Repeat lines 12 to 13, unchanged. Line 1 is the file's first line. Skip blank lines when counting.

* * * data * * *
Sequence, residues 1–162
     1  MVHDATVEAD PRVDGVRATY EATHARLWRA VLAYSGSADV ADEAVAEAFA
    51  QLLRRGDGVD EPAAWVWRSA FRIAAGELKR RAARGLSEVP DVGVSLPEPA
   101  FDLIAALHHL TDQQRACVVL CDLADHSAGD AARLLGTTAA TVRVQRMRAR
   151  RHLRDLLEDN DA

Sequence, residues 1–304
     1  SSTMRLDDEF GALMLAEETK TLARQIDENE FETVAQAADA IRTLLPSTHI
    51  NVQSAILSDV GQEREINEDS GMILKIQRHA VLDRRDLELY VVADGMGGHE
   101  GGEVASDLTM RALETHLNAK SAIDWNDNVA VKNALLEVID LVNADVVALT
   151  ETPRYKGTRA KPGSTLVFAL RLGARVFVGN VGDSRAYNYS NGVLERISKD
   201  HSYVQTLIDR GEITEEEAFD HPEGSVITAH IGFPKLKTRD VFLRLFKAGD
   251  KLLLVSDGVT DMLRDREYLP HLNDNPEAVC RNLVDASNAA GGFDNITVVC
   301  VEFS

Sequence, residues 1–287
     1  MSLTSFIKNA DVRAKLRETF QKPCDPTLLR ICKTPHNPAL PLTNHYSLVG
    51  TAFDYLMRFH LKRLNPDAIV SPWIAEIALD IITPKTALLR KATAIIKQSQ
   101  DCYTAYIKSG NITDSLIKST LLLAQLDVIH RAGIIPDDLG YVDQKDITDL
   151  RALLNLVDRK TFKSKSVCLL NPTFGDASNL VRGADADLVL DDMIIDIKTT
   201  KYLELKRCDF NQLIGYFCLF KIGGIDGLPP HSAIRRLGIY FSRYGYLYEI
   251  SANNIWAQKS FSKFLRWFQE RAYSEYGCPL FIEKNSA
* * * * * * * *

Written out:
   251  KLLLVSDGVT DMLRDREYLP HLNDNPEAVC RNLVDASNAA GGFDNITVVC
   301  VEFS